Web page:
Tuesday, October 12, 2010

Praying through the storm

When her friend, fellow preacher and future husband, Thomas Russell was in prison for preaching the gospel, Elizabeth Smith a Primitive Methodist pioneer evangelist prayed this prayer:

Thanks be to God, the storm which distresses us helps us towards the shore;

Though there are changes, it is but one journey, and we soon shall be at the end.

Though there are many conflicts it is but one battle;

And we shall soon shout VICTORY! through the blood of the Son of God!

Quoted in The Life and Labours of Elizabeth Russell, from The Writings of Thomas Russell, page 198 Tentmaker publications.

Tuesday, October 5, 2010

Thomas Russell (1806 – 1889)

Thomas Russell was an evangelist and missionary of the Primitive Methodist movement in England and Ireland. He was born in Middlewich in Cheshire, and first came into contact with the Primitive Methodists in 1817. He became a full time travelling preacher (or missionary evangelist) in 1829. He endured persecution, hardship and personal tragedy with courage, perseverance and fortitude.

In 1830 he was falsely accused and unjustly imprisoned for preaching and sentenced to hard labour for three months, in default of payment for a £10 fine. For ten hours each day he and other prisoners had to endure rigours of being forced to push a large mill wheel to manually grind corn in half hour stints. For thirty minutes they were covered in sweat and every bone in their body ached. Then for the next half hour the prisoners pulled old ropes to pieces with their fingers and thumbs. And so the cycle repeated, half an hour on, half an hour off.

In prison he was hungry. In his journal he writes “hunger pinched severely, so that I often wondered why a human being could not eat the ground to pacify the cravings of hunger”. Soon he became ill, and was unable to stand at the mill wheel. The prison doctor was called, who simply exclaimed “Here he came to be punished, and here he must be punished.” So Thomas Russell was ordered to the wheel again, and he wrote that “I found that the scripture was true, ‘The tender mercies of the wicked are cruel’.” It was rough justice.

Thomas Russell was instrumental in the missions to Berkshire and Hampshire in 1830. He was passionate in prayer, and a powerful preacher whose hearers were often moved to tears. He preached courageously, facing stones, other missiles, and vehement opposition. The mission was highly successful and soon spread to neighbouring counties.

He was engaged to and married Elizabeth Smith, a female preacher in 1831, and they had a baby, Julia who died in 1835. Four months later his wife died, at the early age of 30. Nearly 2000 people attended her funeral. He writes “Thus I was deprived of a child and wife in a few short weeks … But in a few days I returned to my labours, though with nearly a broken heart”. As he processed his grief he continued in effective evangelism in the Staffordshire Potteries.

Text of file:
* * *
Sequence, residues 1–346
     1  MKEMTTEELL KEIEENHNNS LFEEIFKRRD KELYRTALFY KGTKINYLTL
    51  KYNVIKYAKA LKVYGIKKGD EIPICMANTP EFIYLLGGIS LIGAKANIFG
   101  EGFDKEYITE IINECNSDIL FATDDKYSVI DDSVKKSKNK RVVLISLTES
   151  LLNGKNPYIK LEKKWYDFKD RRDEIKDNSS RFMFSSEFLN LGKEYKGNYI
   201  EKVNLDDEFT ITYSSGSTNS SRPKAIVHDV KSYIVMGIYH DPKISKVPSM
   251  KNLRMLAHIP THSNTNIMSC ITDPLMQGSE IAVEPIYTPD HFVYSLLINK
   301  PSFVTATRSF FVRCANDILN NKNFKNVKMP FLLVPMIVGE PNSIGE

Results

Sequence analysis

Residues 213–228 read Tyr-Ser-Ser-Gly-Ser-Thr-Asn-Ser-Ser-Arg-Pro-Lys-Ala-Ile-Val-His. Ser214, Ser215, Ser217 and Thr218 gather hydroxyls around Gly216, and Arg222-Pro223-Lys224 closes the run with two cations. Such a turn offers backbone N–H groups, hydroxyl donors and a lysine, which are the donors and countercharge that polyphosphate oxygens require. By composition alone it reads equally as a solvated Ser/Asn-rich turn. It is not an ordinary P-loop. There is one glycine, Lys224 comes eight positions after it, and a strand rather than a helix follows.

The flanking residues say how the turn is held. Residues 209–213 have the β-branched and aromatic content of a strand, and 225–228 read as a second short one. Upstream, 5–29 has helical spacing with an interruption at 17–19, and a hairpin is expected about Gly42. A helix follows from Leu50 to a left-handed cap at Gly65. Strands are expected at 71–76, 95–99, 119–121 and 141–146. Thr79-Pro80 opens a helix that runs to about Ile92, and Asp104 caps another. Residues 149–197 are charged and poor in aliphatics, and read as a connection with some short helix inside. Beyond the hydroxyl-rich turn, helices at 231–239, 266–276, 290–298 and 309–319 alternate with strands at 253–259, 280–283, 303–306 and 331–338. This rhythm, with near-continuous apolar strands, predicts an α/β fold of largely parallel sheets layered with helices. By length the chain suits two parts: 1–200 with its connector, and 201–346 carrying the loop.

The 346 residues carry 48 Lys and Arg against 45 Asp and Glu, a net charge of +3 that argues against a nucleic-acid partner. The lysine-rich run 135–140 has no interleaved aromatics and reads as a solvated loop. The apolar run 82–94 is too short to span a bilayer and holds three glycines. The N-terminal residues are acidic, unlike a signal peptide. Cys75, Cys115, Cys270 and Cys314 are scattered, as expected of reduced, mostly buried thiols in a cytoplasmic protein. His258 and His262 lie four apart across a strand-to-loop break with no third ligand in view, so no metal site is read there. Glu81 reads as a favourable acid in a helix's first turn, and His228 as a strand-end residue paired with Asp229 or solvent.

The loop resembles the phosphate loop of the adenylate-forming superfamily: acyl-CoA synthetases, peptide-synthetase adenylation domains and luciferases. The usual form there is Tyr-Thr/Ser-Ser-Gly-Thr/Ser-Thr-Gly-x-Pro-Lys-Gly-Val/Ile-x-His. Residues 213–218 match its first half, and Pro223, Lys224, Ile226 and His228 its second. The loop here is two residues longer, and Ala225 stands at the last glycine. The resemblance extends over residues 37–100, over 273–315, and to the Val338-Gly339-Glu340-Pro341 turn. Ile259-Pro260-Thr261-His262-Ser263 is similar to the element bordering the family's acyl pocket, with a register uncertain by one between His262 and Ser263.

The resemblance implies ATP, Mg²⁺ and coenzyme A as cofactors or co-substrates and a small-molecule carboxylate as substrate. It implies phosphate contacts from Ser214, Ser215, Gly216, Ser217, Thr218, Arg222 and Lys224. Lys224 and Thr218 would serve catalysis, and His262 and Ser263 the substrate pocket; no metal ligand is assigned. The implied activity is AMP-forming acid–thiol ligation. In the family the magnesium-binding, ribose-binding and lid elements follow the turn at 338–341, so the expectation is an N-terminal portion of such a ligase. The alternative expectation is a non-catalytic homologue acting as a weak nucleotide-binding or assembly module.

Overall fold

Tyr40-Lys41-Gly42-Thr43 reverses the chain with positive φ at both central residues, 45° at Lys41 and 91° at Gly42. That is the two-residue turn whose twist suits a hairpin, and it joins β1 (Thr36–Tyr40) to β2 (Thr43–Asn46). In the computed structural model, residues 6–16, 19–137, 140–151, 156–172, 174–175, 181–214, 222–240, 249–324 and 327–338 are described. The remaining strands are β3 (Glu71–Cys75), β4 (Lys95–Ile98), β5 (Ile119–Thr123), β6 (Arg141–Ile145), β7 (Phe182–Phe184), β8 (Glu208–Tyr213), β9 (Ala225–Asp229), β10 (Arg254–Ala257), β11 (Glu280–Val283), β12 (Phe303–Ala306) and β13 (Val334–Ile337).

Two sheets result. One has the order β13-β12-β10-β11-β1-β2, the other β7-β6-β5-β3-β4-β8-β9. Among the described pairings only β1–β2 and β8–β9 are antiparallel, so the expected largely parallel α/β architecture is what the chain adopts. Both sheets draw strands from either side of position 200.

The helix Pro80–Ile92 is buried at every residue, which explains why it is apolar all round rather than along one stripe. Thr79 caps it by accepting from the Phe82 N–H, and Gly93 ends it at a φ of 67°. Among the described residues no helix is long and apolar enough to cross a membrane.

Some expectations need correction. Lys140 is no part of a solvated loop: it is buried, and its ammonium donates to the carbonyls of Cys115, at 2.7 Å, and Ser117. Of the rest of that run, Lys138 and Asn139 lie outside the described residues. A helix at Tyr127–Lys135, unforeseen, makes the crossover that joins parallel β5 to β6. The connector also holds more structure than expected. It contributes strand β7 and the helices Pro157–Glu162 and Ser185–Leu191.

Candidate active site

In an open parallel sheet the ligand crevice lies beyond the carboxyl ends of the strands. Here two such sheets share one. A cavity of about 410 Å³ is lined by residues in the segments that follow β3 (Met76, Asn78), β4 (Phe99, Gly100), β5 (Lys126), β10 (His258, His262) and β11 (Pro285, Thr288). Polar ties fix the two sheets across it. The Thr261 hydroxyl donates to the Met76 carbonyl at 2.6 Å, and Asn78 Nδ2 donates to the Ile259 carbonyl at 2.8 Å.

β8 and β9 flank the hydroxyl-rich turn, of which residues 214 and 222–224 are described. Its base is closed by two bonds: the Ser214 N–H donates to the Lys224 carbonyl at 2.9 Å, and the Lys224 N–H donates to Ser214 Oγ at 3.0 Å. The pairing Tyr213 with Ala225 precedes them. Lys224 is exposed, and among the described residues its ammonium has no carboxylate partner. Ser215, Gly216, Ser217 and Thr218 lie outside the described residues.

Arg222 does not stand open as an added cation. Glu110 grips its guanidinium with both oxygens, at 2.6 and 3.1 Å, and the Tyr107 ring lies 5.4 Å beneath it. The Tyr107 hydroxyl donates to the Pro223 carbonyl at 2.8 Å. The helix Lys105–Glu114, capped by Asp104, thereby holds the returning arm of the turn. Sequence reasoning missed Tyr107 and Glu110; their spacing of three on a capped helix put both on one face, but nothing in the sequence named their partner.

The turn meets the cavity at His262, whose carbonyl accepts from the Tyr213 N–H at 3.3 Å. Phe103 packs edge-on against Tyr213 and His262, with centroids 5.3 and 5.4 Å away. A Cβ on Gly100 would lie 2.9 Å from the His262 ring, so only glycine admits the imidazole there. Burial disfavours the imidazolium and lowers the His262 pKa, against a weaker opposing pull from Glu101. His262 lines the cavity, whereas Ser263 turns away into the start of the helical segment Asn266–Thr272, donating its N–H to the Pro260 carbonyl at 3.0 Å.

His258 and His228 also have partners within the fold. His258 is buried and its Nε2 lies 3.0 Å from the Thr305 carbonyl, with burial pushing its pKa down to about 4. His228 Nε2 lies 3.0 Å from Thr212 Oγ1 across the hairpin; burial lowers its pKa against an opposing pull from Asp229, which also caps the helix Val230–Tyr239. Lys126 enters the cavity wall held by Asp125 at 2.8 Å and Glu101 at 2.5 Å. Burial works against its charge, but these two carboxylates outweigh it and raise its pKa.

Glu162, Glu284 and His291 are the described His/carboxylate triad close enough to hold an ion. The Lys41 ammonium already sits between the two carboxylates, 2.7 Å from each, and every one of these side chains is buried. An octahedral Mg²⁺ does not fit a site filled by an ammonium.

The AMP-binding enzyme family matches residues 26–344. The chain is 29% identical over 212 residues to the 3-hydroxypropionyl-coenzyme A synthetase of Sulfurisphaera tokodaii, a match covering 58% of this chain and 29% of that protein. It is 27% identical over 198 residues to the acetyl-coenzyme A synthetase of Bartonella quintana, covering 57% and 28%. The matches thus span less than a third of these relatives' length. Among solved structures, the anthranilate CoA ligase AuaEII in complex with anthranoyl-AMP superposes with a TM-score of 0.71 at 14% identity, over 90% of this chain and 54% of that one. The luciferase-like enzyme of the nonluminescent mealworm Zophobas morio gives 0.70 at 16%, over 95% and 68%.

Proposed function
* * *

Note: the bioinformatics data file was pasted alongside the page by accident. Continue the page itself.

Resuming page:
In 1838 after three years as a widower, he married Elizabeth Duke, a Primitive Methodist convert from the Weymouth mission. By July 1847, he was stationed at Guernsey in the Channel Islands when his second wife died leaving him with four children, the youngest of whom was very ill. He writes “Her mother had made a most triumphant end; yet I dreaded the loss of the child”. He found practical sympathy and support from friends in the islands of Jersey, Alderney and Guernsey.

In 1849 a cholera epidemic swept across England, and people died of this dread disease within days or even hours of the onset of symptoms. In one instance after preaching in Hartlepool market place, a woman was converted through Thomas Russell’s preaching, and died just twelve hours later. The epidemic was a significant factor for the increase in conversions across the country. Thomas Rusell and his fellow missionaries visited the sick and dying at great personal risk.

In 1855 he was sent to Portadown in Ireland. It was the last place on earth he wanted to go and his four daughters cried bitterly when they heard of the posting. They moved as a family to live in Ireland and, in spite of initial misgivings, he had a vibrant ministry there. Seven years later he was posted to the Yorkshire dales, but in the meantime his daughters had married in Ireland. He recalls that “though I went to Ireland with reluctance, I left it with regret”. He ministered in the Yorkshire dales for three years until 1865 when he transferred to St. Albans.

During his life the Primitive Methodist movement grew from a small revivalist group based in the English midlands, to a worldwide movement that had a significant impact on the lives of working class people and their communities. Thomas Russell was one of a second generation of preachers who continued what had been started by the pioneers, Hugh Bourne and William Clowes. Thomas Russell died in 1886, and is buried at Englesea Brook in Cheshire. We need men and women of faith, courage and perseverance like him today.

Quotations from The Writings of Thomas Russell, originally published in 1869 and republished by Tentmaker publications 2005.